So, I attempted a half hike of the Ocean to Lake Trail (aka The Lake to Ocean Trail). It is part of the Florida trail and goes from Lake Okeechobee to Hobe Sound.
I originally chose December for such an endeavor because I grew up in South Florida (the swampy part, not the South Beach part). I largely know the score when it comes to weather down there, which is to say there are three seasons: Wonderful Mild Winter, The Run Up to Hot, Wet Summmer, and Hot Wet Summer. I thought that hiking it in December would allow me to enjoy the best that South Florida has to offer (Winter), even if the the plan was to hike through some “swampy” parts of the state.
Well, the annoying thing is that the southeast part of the state got more rain than usual in December. So, when I checked to see what water levels were like at the beginning of the month, I gave myself the green light. Then it rained a lot. But I didn’t bother checking in with my plan.
The problem with Florida in general in wild spaces is alligators, snakes, and misquitoes, TBH. I have been told that it is winter and that alligators don’t like to tangle with anyone in the winter… but I never liked that logic. Its not like alligators are like, “dude, you’re cool…I’m just chillin here. I know alligator is latin for “murder log” but that refers to an incident that happened ONE TIME!! I am actually really friendly, if you get to know me.”
And it wasn’t even a problem walking through spaces like this:
The ground here just got saturated and hence, hiking through 4-6 inches of water was sometimes necessary. No big deal.
For me, the problems started happening when most of the trail was under water. The first part of the first day was nice… some road walks and some well-defined trail walks… which I can do all day. Very nice.
But then I got to one of the more remote sections of the trail. And frankly, where there were more bodies of water. Ponds and lakes that had overflowed had me walking through deep water (over knees) in terrain where I couldn’t see the ground in front of me, which increased tripping and falling territory. as well as sprained ankle territory. I only ate it once, but it wasn’t a great feeling, to constantly have to stay hyper concentrated on the ground under your feet. I had to focus so much, I couldn’t listen to anything during th is stretch… and half of the goal was to be able to listen to ALL THE BOOKS!! And ALL THE PODCASTS!!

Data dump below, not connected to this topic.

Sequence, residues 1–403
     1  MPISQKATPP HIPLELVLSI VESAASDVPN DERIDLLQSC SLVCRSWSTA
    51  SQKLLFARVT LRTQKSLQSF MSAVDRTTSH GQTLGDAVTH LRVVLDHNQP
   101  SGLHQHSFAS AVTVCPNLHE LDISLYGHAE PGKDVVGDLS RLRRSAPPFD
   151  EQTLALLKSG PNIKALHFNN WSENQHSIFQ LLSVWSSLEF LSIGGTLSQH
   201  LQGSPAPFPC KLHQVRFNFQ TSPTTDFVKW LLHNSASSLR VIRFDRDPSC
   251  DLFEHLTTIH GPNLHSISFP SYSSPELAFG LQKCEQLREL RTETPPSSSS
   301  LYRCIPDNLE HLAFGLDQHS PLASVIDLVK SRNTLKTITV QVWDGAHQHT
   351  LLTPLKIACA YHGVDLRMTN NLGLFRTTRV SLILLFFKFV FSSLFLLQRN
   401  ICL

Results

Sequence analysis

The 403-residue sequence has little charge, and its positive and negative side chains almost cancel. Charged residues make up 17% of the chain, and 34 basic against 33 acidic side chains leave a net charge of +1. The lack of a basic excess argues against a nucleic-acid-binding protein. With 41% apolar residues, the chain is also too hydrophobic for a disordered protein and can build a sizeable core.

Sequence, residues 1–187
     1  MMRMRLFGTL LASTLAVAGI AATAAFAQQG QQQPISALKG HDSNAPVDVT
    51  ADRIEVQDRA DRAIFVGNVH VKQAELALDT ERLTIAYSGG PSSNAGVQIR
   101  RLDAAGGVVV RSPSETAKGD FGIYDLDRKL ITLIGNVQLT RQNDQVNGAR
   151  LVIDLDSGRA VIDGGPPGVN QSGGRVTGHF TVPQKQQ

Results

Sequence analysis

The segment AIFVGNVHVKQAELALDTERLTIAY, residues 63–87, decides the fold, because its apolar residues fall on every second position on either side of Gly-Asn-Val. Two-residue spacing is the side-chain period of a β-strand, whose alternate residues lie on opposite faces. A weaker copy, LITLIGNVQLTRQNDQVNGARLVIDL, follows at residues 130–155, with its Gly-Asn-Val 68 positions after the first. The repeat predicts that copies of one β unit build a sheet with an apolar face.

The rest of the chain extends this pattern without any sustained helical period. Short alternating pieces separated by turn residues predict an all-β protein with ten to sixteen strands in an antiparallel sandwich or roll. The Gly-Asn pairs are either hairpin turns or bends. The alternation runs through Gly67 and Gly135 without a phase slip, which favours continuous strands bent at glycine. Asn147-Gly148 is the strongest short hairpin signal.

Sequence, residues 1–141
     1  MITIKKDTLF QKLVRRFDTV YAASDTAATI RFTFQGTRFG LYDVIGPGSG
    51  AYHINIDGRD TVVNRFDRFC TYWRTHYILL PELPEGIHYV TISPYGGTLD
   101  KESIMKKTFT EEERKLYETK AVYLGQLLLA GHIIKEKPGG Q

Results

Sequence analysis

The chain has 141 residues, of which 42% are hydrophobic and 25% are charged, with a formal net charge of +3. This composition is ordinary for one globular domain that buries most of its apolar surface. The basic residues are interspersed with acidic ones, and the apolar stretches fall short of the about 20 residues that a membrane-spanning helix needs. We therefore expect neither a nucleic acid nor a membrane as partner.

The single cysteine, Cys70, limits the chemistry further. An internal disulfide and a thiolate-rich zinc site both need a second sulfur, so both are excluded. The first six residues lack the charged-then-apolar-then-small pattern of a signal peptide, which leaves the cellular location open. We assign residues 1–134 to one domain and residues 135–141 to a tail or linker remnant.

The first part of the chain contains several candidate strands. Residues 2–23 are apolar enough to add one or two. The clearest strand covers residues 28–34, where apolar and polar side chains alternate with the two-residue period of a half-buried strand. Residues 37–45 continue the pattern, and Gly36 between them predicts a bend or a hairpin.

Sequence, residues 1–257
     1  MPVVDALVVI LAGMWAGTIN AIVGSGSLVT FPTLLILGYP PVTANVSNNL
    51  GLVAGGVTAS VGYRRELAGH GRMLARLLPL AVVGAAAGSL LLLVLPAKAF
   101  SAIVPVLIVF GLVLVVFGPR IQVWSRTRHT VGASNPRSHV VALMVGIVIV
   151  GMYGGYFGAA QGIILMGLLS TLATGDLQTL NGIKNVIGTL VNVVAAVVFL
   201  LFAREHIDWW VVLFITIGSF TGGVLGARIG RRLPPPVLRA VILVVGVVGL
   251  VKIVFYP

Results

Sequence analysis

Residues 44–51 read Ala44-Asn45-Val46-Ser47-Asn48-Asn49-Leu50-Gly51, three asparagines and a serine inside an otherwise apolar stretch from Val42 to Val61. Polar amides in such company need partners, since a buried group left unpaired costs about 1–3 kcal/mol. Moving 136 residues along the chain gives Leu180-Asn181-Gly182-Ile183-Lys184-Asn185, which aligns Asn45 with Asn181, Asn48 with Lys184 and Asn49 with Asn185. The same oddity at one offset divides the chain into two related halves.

Also, I *highly* underestimated the misquito situation; which is honestly shameful, because I KNOW. In any case, I had a few “OFF” wipes, because I was trying to save space and didn’t think I needed a whole ass bottle of bug spray.
Reader: I definitely needed a whole ass bottle of bug spray.
One of the nutty things about this trail, is that it cuts through private and wildlife/water management lands, so there is NO random camping. So, you’re not supposed to just set up camp anywhere you want. Because my progress walking through water was so slow, I was honestly afraid I’d be in a position of having to random camp, which is a huge no-no.
So I decided after a day of hiking to get off the trail. The next section was going to be even wetter, with more water on the trail. And to me, it wasn’t worth it, I wasn’t having fun, it was NOT relaxing. So I stopped.
I did get a chance to try out some gear I had never used, which was cool. I filtered water for the first time, which was kinda fun. When I got the permit to hike/camp in the first section, the lady who sent it to me was like, bring some rope to tie your water bottle to and throw that into the water… so alligators don’t mistake you for deer and other wildlife drinking at the water’s edge. And I was like, “yes, I am definitely going to do that.”
I think I dialed in my sleeping set up. Back in August when we camped in Pictured Rocks, I set up a hammock, but didn’t sleep in it (slept in a tent). But, being in the hammock, I was always on the verge of sleep, so I thought I would try that out. It was not bad at all. I think I tied the hammock up with a little too much tension the first night, because I could not get comfortable. Also, it was hot and I had an underquilt rated to 20 degrees under my hammock, thinking *I guess* that I would probably be cold. I was not. In fact, I was sweaty trying to sleep with misquitoes biting me (no misquito net for hammock because I am, in fact, an idiot).
But the second night, I hauled ass to make a primative camp site before the rain blew in. It took several tries with different trees (and how far apart they were), before I finally got it right. Tarp went up first, then hammock, then I sat my ass under the tarp on the ground (in pineneedles and branches and sticks and stuff) and made some dinner, drink some water, and tried to dry my feet out (futile). It didn’t start raining till I got in the hammock and honestly, I was snug as a bug in a rug. The tarp/hammock set up was all kinds of great. The only thing that was a little annoying, is that the tarp had to be readjusted in middle of the night- restaked and clipped to the ridgeline. It was great.
In all, it was fun. I liked it and want to keep doing it. But I think I am going to try to stay on more maintained trails. I don’t mind gravel paths and dirt roads at all. In fact, I learned a bit about the Lake Okeechobee Trail, which is a trail that runs along the top of the levee of Lake Okeechobee. Nice and flat, and an actual trail. But not a lot of shade. Seems like my jam. Just saying.